I recently participated in the analyst program at the Dell Technologies World 2019 conference in Las Vegas. Overall, the show was positive, high energy, and I’m even more bullish about Dell’s work in the indirect channel than I was back in 2015 when I wrote a blog on the Dell/EMC deal. While at the show we were provided access to executives and panels discussing product roadmaps and company strategy, as well as the chance to speak with partners on the show floor about how Dell fits within their ecosystem. Below are a few highlights:
Pay Off Debt, Share Growth, and Margin Accretion:
A key breakout was with Dell Chief Financial Officer Tom Sweet, who spoke of the firm’s overarching objectives from a business and investor perspective. According to Sweet, Dell Technologies reached $91 billion in Non-GAAP revenues for the fiscal year 2019. Key objectives remain paying off debt, continued share growth, and margin accretion. With those things in mind and to maintain fiscal objectives, it makes sense that Dell would be more willing to sacrifice pricing in an effort to win deals on lower margin products (e.g., PCs) that generate significant cash flow, while working to up- and cross-sell buyers on higher margin products and services.
In my opinion, this strategy is sound, with a caveat. In larger organizations (like Dell), divisions are often in silos with individual P&Ls, which can make it challenging to get cross-functional teams to work together regardless of incentives. Therefore, inflexible accountability must be at the centerpiece for this to work on the direct and indirect sides.
Simple, Predictable, and Profitable:
With more than 50 percent of revenues coming from indirect channel sales, Dell is clearly committed to the channel, and rivals, who once had defensible barriers leveraging the indirect channel, are now realizing they are competing against a new Dell. In her address at the conference, messaging from Joyce Mullen, president, global channel, OEM and IoT solutions, Dell Technologies, was three-fold: (1) Make it easier for firms to do business with Dell; (2) Help customers transform through Dell’s family of brands; (3) Embrace and monetize new technologies, such as artificial intelligence and IoT. As mentioned above, making it easier to do business with Dell and training solution providers on the entire portfolio to sell higher-margin solutions in verticals gravitating towards IoT/Edge, enterprise storage, analytics, and security will be instrumental in the future.
Device Management Headaches:
One of the key challenges IT departments and resellers are experiencing is effectively managing their infrastructure. Given the many devices running on multiple operating systems (OS), and an ever-increasing number of applications that require deploying, securing, and managing – this is not an easy feat. With efforts focused on infrastructure management, IT departments are spending less time working on revenue generating projects. Dell’s answer to the problem is Dell Unified Workspace. This offering can integrate with any OS, device, or cloud environment and the lifeblood of the tool is VMWare Workspace One, an endpoint management tool which handles cloud policy, application delivery, automated patching, monitoring, diagnostics, and more via a unified platform.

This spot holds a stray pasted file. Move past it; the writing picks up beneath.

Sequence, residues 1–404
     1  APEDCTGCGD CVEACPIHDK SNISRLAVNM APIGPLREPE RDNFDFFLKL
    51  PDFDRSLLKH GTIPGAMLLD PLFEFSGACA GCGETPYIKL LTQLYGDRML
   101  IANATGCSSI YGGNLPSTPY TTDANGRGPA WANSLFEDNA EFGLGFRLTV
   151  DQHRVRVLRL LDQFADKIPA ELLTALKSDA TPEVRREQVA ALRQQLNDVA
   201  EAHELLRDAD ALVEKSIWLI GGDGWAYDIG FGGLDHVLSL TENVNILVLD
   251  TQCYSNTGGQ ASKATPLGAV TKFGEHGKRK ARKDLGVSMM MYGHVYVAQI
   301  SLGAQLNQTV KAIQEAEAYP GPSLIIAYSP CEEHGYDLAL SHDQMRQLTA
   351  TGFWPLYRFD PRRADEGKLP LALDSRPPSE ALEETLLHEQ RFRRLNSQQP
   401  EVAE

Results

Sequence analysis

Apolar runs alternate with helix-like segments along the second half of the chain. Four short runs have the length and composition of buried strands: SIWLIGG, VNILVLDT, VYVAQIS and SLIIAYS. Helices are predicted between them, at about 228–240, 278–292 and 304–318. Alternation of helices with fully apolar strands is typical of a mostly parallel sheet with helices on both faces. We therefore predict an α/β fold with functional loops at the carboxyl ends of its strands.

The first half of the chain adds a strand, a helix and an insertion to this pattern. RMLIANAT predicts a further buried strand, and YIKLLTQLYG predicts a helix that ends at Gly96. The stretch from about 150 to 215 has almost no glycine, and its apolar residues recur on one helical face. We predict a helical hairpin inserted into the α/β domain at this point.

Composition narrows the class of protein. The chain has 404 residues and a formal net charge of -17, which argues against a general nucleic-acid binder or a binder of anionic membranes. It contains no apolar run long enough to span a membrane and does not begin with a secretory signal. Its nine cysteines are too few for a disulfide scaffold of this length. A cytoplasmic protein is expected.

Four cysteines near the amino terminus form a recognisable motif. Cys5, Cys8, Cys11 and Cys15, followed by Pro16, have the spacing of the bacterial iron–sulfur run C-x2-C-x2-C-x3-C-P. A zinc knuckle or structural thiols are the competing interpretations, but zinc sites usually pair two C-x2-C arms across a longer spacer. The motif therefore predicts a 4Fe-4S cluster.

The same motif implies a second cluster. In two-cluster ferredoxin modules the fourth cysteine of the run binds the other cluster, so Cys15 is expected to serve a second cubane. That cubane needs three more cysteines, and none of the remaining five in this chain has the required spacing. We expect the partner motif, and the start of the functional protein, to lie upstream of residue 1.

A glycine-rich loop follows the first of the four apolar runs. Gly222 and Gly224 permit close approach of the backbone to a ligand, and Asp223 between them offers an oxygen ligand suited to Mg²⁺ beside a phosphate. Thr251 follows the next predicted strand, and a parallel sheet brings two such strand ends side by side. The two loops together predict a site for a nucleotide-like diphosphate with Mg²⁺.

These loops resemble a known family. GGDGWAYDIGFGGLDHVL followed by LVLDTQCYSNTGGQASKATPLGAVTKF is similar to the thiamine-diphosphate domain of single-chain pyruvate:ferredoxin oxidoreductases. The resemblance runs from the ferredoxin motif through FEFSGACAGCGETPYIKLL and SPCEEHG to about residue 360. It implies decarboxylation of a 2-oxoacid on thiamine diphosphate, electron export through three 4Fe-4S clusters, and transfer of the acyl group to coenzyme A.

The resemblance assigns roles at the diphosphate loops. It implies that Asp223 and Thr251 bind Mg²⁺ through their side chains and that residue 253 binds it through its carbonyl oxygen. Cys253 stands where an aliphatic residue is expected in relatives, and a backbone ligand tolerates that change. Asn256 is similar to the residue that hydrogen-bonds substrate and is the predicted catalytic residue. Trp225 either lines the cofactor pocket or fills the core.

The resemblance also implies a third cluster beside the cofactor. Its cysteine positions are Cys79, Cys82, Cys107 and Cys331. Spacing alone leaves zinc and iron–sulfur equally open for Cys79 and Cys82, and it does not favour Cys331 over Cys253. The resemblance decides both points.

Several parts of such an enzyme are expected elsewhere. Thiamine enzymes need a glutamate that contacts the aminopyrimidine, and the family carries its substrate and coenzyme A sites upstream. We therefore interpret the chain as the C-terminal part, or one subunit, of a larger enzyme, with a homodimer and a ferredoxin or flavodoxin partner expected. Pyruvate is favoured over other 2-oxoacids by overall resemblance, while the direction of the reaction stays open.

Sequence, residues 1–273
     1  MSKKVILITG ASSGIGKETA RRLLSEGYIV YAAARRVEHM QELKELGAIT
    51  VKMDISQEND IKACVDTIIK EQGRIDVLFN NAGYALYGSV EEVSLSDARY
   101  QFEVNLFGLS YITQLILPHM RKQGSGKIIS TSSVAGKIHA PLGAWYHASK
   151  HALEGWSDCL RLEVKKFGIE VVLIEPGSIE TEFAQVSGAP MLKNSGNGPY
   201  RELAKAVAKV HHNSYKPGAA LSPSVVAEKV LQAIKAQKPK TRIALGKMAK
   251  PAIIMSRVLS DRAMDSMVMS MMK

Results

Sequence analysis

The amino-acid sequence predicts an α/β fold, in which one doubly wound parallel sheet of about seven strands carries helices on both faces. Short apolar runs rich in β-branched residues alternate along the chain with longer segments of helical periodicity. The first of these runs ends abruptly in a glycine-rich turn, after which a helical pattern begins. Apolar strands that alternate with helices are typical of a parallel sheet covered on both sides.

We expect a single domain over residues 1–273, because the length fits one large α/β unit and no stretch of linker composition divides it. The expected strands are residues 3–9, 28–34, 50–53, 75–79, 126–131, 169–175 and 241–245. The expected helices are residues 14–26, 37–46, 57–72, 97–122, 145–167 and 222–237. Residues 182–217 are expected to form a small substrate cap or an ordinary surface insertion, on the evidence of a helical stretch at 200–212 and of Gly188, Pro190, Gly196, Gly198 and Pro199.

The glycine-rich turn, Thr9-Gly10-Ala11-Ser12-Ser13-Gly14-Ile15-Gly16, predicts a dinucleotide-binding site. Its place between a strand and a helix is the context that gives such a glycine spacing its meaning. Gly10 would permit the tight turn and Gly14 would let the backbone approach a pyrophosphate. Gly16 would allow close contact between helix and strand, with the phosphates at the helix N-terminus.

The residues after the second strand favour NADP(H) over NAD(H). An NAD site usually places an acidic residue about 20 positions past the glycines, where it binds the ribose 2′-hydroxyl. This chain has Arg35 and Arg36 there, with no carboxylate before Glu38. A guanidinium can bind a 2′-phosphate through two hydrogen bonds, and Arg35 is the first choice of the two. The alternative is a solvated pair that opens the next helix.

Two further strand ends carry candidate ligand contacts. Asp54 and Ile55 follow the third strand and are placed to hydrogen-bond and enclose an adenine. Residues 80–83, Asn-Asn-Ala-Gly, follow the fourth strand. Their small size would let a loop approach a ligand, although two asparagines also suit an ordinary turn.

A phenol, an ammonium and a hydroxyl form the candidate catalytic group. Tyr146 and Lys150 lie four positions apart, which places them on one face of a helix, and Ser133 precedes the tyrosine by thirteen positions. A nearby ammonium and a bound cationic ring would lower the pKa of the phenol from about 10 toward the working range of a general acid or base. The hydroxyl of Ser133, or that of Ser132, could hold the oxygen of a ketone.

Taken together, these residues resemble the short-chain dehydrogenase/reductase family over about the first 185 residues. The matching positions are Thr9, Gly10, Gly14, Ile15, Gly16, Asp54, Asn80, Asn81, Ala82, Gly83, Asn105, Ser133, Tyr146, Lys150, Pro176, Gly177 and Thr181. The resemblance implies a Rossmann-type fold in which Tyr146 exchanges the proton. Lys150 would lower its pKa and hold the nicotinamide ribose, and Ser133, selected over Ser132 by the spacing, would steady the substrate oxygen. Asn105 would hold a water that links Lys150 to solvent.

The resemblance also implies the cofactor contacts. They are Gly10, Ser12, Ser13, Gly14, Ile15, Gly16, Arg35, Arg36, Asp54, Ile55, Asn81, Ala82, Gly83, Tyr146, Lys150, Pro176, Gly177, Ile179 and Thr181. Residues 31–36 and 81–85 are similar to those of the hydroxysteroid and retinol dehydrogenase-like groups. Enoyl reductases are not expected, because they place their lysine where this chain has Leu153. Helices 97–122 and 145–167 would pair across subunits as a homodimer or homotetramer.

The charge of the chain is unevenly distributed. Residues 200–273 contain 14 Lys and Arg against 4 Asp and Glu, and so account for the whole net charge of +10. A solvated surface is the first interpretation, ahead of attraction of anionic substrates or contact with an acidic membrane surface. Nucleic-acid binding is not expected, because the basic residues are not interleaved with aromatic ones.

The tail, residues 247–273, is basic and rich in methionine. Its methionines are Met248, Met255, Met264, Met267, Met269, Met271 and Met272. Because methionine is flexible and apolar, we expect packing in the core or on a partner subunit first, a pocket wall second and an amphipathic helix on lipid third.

A + B ≠ C (Multi-Cloud):
As much as the major hyperscale providers would love you to port everything in the cloud today, that isn’t always the case and some firms are repatriating workloads from the cloud back to on premise. We are living in a multi-cloud environment, and thus, organizations want solutions that make it easier to operate within a flexible construct. A key announcement at the show was VMWare Cloud on Dell EMC which is a Data Center as a Service consumption-based service that will be available in the second half of 2019. In a nutshell, the offering allows firms to traverse between public and private clouds via VMWare’s Cloud Foundation offering coupled with VxRail which also allows Dell EMC to monitor infrastructure while VMWare handles patch management.
Given everything presented at Dell Technologies World, I am still sanguine about Dell’s acquisition of EMC and strategy for paying off debt, driving further market share, and working to fuse its myriad units (with caveats) in an effort to drive profitable growth and customer entanglement. Sentiment I’ve received from channel partners remains solid and its newly revamped channel program should help the firm continue to drive loyalty in the future.